Part 2: Cloud apps
Back in the day you delivered software services the old-fashioned way — you ran those things yourselves! You had a cluster of Microsoft Exchange servers and an Oracle database running your CRM. You had on-call rotations and people who knew the way to the datacenter. Oh, and remember those Friday nights near the end of a quarter when you were frantically swapping out hard drives to get database clusters back online? Also, Limp Bizkit was a thing.
Back then, you had all the control in the world to monitor whatever and however you wanted. But the costs were high. You were buying drives, constantly training people, triaging networking failures, dealing with power outages … all that stuff was your problem. You were optimizing for the cost of running and maintaining critical software with specific controls — and those controls were really the people who could upgrade and access running servers. You probably also had controls that required employees to physically be in an office to get work done (yeah, I’m talkin’ about pre-VPN days).
Enter SaaS applications. And lots of them. Today, email’s delivered via Office 365 or G-Suite through servers you’ll never see. There’s no physical boundary you can monitor or control, no server to instrument. You’ve gotta rely on built-in application and audit logs to monitor these applications.
The good news is that (for the most part) these applications come with excellent application logging built right into them. For example, SalesForce has extensive audit logging built in as a button-click. On top of that, advances in data science have taken user-based anomaly detection from something you read about in academic papers to something that’s now built right into many platforms in SIEM products like Exabeam and Sumo Logic.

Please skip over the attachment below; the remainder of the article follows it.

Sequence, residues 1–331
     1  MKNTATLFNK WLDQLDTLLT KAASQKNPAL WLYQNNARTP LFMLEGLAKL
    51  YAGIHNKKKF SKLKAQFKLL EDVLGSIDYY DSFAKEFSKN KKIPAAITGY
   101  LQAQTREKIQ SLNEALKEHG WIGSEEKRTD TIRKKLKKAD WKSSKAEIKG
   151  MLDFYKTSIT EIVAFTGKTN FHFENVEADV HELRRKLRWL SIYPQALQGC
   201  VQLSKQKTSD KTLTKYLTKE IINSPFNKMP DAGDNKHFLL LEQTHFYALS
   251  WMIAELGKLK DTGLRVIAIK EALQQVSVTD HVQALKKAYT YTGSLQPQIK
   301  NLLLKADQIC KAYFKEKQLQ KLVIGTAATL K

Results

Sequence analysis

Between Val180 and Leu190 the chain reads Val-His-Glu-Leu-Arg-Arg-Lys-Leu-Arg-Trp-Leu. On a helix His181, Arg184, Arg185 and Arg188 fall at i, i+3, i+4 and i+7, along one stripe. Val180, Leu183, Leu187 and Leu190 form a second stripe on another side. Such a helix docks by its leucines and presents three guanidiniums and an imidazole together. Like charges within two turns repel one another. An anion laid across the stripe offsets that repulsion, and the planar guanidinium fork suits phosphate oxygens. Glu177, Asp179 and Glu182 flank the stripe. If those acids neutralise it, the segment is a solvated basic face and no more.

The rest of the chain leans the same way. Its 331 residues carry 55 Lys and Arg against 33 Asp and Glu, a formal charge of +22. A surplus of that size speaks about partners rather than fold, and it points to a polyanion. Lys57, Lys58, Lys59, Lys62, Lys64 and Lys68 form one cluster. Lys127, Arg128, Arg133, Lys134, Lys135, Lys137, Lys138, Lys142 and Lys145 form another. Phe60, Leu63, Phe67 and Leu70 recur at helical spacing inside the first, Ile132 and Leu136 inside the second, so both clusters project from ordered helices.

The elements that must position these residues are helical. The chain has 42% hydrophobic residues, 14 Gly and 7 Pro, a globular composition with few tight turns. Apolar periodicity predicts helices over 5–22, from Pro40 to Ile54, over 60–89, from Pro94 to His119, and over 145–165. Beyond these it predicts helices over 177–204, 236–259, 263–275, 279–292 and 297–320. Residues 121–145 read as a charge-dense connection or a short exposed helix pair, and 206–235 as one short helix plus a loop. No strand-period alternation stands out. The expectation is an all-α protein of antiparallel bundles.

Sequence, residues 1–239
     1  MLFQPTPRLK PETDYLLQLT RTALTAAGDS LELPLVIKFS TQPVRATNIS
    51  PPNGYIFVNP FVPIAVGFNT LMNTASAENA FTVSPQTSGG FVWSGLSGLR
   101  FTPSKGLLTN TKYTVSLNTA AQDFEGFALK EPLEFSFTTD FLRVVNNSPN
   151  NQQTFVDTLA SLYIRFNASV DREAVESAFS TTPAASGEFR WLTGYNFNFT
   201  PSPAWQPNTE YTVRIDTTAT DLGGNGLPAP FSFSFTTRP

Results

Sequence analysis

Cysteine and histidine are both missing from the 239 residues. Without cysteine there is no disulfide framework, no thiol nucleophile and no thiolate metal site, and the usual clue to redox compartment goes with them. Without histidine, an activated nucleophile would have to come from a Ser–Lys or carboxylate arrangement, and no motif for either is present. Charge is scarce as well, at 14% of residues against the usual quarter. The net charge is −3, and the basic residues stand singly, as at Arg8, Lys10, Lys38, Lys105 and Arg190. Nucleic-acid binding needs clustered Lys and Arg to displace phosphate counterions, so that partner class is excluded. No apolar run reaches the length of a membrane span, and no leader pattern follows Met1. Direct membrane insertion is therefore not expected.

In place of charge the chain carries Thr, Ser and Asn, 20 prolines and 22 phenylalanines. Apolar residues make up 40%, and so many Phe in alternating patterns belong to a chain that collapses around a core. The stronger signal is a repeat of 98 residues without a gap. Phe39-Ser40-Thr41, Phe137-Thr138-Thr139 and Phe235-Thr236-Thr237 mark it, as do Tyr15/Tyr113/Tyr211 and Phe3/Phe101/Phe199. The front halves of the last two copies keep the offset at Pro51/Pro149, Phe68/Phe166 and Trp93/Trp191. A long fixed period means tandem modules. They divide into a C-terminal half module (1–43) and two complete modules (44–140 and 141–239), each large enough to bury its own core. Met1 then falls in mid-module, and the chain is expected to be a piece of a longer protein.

Sure, there’s a little bit of a learning curve here — you’ll have to spend some time understanding these new application logs and how to instrument them to monitor for unusual or malicious activity. Even though this new world requires some learning up front, there’s more value for you and your org in the long run, because you’re able to spend time focusing on the security of the application, not on keeping the lights on. Want more specific recommendations on how to get started with protecting your cloud apps? Then you need to read this post: “Three tips for getting started with cloud application security.”
Part 3: Custom apps
In the past, rolling out new apps was a long and painful process — developers spent time testing, sys admins were deploying and then there were bumps in the road. Developers then had to patch in production (“It’s the last time we’ll do this, I swear!”) and then finally the system worked.
With the cloud, app development and deployment happens much faster — if developers and the operations team work together to build an environment with the right balance between controls, processes, velocity and automation, that is.
Custom applications require that the security and operations team understand the application in order to secure it. If you don’t have a topological control-point like a fixed network egress this can feel daunting, but the same configuration-as-code that makes your developers more effective also let your security team understand the application and monitor changes. The focus in modern DevOps on solid application logging is a good thing because it means that security signals are already built into your custom app when it gets deployed. And most modern deployment pipelines take advantage of configuration checking, image scanning and compliance checking — and they’re usually (easy) click-to-enable type features.
As with infrastructure and SaaS, the promise of infrastructure-as-code and application logging requires a partnership with the development team, as well as some expertise in modern DevOps tool chains (we’re fans of several infrastructure-as-code tools such as Terraform and Ansible).
The cloud has plenty of benefits — when it comes to security, we just need to re-evaluate the contents of our bag of tricks. Some tried-and-true methods from our “rack and stack” days are no longer relevant. But if you approach cloud security from the three vantage points described above, you’ll be well on your way to building a solid security foundation.
Have more questions about cloud? Drop us a note. We’d love to chat.